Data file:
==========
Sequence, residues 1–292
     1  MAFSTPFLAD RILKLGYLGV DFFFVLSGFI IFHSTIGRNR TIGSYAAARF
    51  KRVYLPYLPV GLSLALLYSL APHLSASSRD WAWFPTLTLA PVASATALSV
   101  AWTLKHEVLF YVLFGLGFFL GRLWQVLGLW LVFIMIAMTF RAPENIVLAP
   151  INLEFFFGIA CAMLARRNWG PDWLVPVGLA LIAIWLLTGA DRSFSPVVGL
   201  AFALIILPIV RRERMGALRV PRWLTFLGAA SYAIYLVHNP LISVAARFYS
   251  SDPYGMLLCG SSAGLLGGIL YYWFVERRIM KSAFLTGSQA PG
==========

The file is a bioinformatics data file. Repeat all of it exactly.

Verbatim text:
Sequence, residues 1–292
     1  MAFSTPFLAD RILKLGYLGV DFFFVLSGFI IFHSTIGRNR TIGSYAAARF
    51  KRVYLPYLPV GLSLALLYSL APHLSASSRD WAWFPTLTLA PVASATALSV
   101  AWTLKHEVLF YVLFGLGFFL GRLWQVLGLW LVFIMIAMTF RAPENIVLAP
   151  INLEFFFGIA CAMLARRNWG PDWLVPVGLA LIAIWLLTGA DRSFSPVVGL
   201  AFALIILPIV RRERMGALRV PRWLTFLGAA SYAIYLVHNP LISVAARFYS
   251  SDPYGMLLCG SSAGLLGGIL YYWFVERRIM KSAFLTGSQA PG